Gap, Inc. (NYSE:GPS) is a leader in the highly competitive specialty retail sector. The retailer offers consumers an array of clothing, accessories, and personal care products at its flagship brands including Gap, Banana Republic, and Old Navy. Moreover, the company is diversifying by moving into the sports apparel sector with its Athleta brand, where it will compete with the likes of lululemon athletica (NASDAQ:LULU) and Under Armour (NYSE:UAA).
Gap recently reported first-quarter 2014 financials and sales results for May. While earnings per share seriously declined, revenues continue to hold steady and net sales figures for May 2014 announced earlier this month rose by 4%.
Although the company faces challenges from its rivals and weary consumers in a sluggish global economy, Gap's growth strategy and earnings guidance make the retailer worth considering for investors with a long-term view.
Gap's first quarter at a glance
Gap continues to be solid in a number of ways, despite the fact that EPS in the first quarter fell by 18.3% compared to the year-ago period. The company attributed the decline to the higher cost of goods sold and occupancy expenses as well as challenging foreign currency markets.
Earlier this month, however, the specialty retailer reported a 1% rise in comps for the four weeks ended May 31, 2014, compared with 7% growth reported for the four weeks ended June 1, 2013. The results were primarily driven by sales at its Banana Republic and Old Navy stores, and net sales for the month totaled $1.27 billion, a 4% rise versus the prior-year-period sales of $1.22 billion.
"We delivered a positive comp to start the second quarter, building on last May's strong performance," said Glenn Murphy, chairman and chief executive officer.
Finally, Gap's quarterly online sales came in at $575 million, up 13% from the prior-year quarter. More important, the company affirmed its earnings guidance of $2.90-$2.95 per share for fiscal 2014.
In sum, Gap plans on growing its e-commerce business domestically and increasing its retail presence in the global markets. And by diversifying into the sports apparel sector, the company is charting a course for long-term growth.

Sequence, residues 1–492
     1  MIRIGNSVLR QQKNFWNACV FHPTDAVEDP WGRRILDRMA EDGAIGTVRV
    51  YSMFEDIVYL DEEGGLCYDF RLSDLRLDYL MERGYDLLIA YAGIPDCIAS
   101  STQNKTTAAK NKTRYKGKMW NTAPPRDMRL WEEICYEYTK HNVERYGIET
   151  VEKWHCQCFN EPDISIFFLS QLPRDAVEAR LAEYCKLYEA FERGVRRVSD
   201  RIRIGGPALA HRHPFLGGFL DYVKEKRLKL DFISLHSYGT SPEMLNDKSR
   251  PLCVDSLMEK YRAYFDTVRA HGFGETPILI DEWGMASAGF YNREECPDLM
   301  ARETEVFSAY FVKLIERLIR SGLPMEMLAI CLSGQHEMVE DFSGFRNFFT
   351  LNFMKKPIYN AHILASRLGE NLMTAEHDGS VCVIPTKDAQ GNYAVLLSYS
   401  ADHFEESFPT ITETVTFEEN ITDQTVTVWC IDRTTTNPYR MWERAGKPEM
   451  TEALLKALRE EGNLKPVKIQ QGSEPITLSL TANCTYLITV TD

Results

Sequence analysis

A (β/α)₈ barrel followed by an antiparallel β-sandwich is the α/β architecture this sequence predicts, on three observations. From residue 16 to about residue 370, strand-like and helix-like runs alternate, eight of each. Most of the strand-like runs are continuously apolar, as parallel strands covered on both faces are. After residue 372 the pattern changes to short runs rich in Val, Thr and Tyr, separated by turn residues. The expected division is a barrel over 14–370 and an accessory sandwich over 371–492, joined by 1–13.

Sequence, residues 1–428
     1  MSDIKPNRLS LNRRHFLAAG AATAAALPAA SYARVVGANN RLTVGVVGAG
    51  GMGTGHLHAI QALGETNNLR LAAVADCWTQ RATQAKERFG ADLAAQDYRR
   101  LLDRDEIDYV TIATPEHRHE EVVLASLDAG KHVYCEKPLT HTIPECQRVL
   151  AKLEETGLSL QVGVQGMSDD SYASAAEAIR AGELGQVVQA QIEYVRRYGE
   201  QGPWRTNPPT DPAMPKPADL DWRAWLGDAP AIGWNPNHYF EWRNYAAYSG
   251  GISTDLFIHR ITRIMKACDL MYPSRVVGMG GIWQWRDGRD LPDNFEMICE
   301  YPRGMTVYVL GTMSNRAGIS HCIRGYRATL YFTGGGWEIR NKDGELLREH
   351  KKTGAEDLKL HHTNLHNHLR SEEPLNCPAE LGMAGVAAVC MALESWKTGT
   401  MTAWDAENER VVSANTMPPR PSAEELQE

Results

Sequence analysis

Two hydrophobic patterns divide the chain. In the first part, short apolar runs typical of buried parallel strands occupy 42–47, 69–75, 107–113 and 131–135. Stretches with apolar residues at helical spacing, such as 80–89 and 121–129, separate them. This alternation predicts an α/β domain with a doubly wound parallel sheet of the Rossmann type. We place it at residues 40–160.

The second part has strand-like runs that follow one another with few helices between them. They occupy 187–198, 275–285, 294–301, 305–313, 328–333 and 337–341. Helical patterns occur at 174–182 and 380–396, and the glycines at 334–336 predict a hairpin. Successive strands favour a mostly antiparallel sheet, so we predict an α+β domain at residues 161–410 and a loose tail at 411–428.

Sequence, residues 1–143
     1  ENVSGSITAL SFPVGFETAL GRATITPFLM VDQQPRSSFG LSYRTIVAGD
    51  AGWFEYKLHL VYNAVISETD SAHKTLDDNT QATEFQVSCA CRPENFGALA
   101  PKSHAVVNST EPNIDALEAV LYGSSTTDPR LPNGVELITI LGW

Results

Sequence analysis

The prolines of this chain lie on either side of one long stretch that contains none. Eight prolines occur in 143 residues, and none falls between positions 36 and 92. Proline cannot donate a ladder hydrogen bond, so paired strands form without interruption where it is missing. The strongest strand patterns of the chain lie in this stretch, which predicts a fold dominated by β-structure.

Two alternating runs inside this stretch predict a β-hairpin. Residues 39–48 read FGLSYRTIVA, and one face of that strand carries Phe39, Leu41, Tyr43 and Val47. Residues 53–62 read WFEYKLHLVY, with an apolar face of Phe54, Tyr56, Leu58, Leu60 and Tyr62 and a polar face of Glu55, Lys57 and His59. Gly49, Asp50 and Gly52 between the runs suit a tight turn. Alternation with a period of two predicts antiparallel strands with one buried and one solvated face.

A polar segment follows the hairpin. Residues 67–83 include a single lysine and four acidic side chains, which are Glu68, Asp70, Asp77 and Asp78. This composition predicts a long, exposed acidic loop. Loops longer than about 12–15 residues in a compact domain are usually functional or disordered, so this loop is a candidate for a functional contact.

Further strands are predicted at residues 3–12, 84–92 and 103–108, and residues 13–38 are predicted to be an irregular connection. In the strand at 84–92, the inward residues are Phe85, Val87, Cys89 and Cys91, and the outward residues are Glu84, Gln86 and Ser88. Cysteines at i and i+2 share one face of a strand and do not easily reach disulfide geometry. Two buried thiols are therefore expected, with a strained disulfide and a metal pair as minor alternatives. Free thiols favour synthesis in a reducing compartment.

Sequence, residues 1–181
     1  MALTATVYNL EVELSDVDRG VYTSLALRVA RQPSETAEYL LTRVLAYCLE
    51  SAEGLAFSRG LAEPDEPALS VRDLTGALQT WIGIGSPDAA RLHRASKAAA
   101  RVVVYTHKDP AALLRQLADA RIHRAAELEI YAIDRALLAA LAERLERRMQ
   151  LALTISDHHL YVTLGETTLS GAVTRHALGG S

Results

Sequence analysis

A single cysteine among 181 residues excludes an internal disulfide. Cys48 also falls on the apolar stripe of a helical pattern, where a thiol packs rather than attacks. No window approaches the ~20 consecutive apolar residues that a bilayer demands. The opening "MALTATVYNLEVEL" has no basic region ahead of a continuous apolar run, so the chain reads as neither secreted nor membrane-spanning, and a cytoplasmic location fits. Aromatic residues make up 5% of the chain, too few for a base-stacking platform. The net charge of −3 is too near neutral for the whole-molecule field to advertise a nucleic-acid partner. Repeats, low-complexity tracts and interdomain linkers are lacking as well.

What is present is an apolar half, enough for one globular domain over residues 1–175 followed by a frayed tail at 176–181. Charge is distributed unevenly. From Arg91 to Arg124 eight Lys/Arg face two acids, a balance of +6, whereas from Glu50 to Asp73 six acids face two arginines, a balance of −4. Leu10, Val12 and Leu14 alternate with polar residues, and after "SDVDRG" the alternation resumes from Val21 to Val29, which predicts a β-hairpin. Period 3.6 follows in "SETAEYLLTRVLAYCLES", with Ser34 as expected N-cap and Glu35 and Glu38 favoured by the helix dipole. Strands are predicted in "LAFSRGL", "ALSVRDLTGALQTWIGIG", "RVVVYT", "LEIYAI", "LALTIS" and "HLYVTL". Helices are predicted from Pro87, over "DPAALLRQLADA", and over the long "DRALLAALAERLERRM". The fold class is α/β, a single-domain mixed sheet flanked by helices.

Obviously, the question remains whether Gap will be able to compete with an established sports apparel leader like Under Armour. But the recent and well-documented travails of Lululemon may give Gap a window of opportunity.
Lululemon's slip is showing
Some "modest" consumers and investors in the sports apparel sector may have grown accustomed to people in the public square donning yoga pants. But Lululemon's launch and subsequent recall of see-through Luon pants in March 2013 was too much for most people to bear (bare?), so to speak.
And this misadventure, along with a rocky financial performance, recently culminated in an executive shake-up. Furthermore, Lululemon's fiscal first-quarter earnings announcement on June 12 featured a 60% drop in profits to $19 million, or $0.13 per share, compared to $47 million and $0.32 per share in the same period in 2013.
While the company's revenue rose by an impressive 11%, comps were up by 1% compared to a 12% gain in the year-ago period. Lululemon anticipates a similar decrease in comps in the low-to-mid single digits in the second quarter. Finally, the company lowered is fiscal-year revenue guidance.
Whether this might be a case of Lululemon underpromising in the hopes of outperforming remains to be seen. But a bigger question is whether Gap will be able to take advantage of Lululemon's slip-up. Either way, the company's Athleta brand has a long way to go compared to an established player like Under Armour.
Under Armour going up
Under Armour's growth strategy combines serving professional athletes,and using this as an off-ramp to attract so-called weekend warriors. The company also intends to grow by opening new signature stores while forming alliances with professional sports teams.
Under Armour recently opened an apparel shop in the SoHo neighborhood of New York City. The specialty store rolls under the name "SoHo Brand House" -- the company's largest retail outlet so far.
Moreover, Under Armour is forming new alliances with professional sports teams such as the recently announced deal with Rugby Canada. The agreement calls for the company to outfit all senior and junior Rugby Canada teams.
In short, these alliances, along with Under Amour's "Brand House" openings, will enable the company to grow its global brand.
The Foolish takeaway
At this point, it remains to be seen whether Lululemon will right itself and get back on the road to earnings growth. And Under Armour is in a league of its own compared to Gap's Athleta brand. But the company is poised for long-term growth as it expands online sales, penetrates global markets, and slowly continues its diversification into sports apparel. So, it could be time for long-term investors to fall into the Gap.
Kyle Colona has no position in any stocks mentioned. The Motley Fool recommends lululemon athletica and Under Armour. The Motley Fool owns shares of Under Armour. Try any of our Foolish newsletter services free for 30 days. We Fools may not all hold the same opinions, but we all believe that considering a diverse range of insights makes us better investors. The Motley Fool has a disclosure policy.